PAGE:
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16

Well you carbonate the beer in the keg the same way as if you were going to serve from the keg. There is no carbonation procedure on the way into the bottle. To get carbonated beer into the bottles however, the cheapest way to do it is to jam some 3/8ths inch tubing onto the end of your picnic tap. Using about an 12 inch piece of tubing you can put the ...


13

It takes at least 3 days to be carbed with the sit and wait method you describe. But a week is really what you need to truly "equilibrate" to the pressure being set. In your case of shooting for >3 volumes I would definitely expect it to take a week. The beauty of kegging though is that there is no reason to not pull a half pour after day one, two, six ...


12

There are two parts - carbonation, and getting it in the bottles. For carbonation, there are various methods, but I use the set-it-and-forget-it method. Beer goes in keg, keg goes in fridge, CO2 gas gets put on keg. Just set the pressure to the amount of CO2 you want in solution - "volumes" of CO2 - based on the style of beer and a handy temperature / ...


11

I found this online a while ago and have done it this way ever since: Filling from a Keg: 1.Keg of beer must be chilled and carbonated. I like to over carbonate by a few tenths (0.2) of a volume of CO2 to compensate for lost CO2. (some of that lost CO2 is a good thing as I’ll state later) 2.I use a black Cobra/Picnic tap to dispense the beer from. I ...


11

I like to rinse well, then soak in warm PBW (or cleaner of choice). I fill the keg with cleaner, put on the lid and shake really well. Then I remove the lid, poppets, O-rings and dip tubes and put them in the keg to soak overnight. Next day everything gets a good rinse in warm water. I fill the keg with some Starsan (or sanitizer of choice) and let the ...


10

After cleaning (I use PBW also, occasionally Oxiclean) I turn the keg upside down and let it dry overnight. Then I put the lid on and pressurize to 10 psi. That serves 2 purposes. First, the CO2 helps prevent things from growing in the keg. Second, when I'm ready to use the keg, I pull the pressure relief valve. If there's not still pressure on the keg, I ...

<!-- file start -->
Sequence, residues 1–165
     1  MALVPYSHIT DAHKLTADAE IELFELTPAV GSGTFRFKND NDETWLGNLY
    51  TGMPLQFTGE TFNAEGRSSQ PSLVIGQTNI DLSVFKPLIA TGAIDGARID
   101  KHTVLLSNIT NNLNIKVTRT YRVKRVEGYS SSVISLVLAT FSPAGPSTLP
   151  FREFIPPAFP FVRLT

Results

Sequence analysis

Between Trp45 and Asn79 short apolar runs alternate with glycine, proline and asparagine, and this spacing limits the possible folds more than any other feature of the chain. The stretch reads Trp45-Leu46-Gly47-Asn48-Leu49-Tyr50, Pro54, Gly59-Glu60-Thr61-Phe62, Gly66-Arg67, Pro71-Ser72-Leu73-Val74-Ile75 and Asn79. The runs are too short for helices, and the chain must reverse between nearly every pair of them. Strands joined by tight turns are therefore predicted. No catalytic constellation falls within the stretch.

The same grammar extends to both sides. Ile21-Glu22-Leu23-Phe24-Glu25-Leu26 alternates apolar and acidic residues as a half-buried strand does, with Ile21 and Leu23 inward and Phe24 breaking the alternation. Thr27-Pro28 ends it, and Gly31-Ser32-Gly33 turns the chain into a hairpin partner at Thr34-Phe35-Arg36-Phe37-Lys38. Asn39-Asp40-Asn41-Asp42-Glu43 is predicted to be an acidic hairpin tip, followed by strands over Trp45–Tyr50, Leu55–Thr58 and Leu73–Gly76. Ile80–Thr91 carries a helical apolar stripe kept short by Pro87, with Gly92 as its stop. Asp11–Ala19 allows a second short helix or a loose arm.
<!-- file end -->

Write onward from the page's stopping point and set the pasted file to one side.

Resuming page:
10

From the Wayback Machine, we can track the increase in price of both new and used kegs. NorthernBrewer.com is a good resource for this because they've been around so long. (And they deserve it. You guys rock!) April 2001 to May 2006: New $95.00, Used: $30.00 May 2009: New $120, Used $35 May 2010 - Unchanged at $130/$35 March 2012 (present) - $130/$45 ...


9

Something like this setup would be the minimum for 5 gallons of beer: http://www.midwestsupplies.com/cornelius-keg-system-with-5-lb-co2-tank-comes-empty.html A 5 gallon keg, CO2 tank, regulator, and tap.


9

I think I would replace all of the seals and soak the kegs in hot Oxyclean Free or PBW for a few days. Maybe rinse and refill with that a couple of times. Then I'd just use them with strong flavored beers, or beers that would go well with the root-beer flavor for a couple of batches. If you don't notice any off-flavors, move to more subtle brews. If ...


9

Oxyclean is a good cleaner, and you can use that on kegs. Diversol on the other hand is a bleaching product (chlorine-based), and like sodium metabisulfate that you were warned not to use will corrode the kegs if left too long. (EDIT: just to clarify, Oxyclean's active ingredient is sodium percarbonate, and this is safe to use. Sodium metabisulfate, ...


8

How long and what is the diameter of the tubing from the keg to the tap? If the tube's resistance is not what it should be, it could be causing the foam issues. There's a good explanation and formula here.


8

You can unclog the diptube in place, but it'll just clog right up again. I'd say your best bet is to siphon the beer to another keg, trying to leave as much sediment behind as possible. I would also stick the keg in your fridge for a few days to help coax the hops and proteins to the bottom of the keg. If that's your only keg, siphon to a sanitized ...


8

Go for it. There's no harm as long as you purge the keg of it's air, replacing it with CO2. At some point, every keg of beer has only two gallons in it. Whether it's right at the start or if it's after 3 gallons have been consumed makes no difference. If you don't purge the keg of air though, your beer will become oxidized. To purge, prior to racking ...


8

Images speak louder than words: http://www.draft-beer-made-easy.com/beershanks.html To summarise: To put a faucet on a keg fridge, you need three main parts: 1) Faucet, this is the "tap", you can get standard ones which are fairly cheap ($20 or so) or go for higher grade, such as perlicks, which are $40 or so, but use a different mechanism that prevents ...


8

The tank-side pressure is mostly measuring the temperature of the CO₂ tank, not the actual amount of CO₂ remaining. Above the triple-point of CO₂ at about 517 kPa ~ 75 psi, the pressure reading is dominated not by the amount of CO₂, but the temperature, which relates to the fraction of gas vs. liquid in that equilibrium. You'll notice your CO₂ tank will ...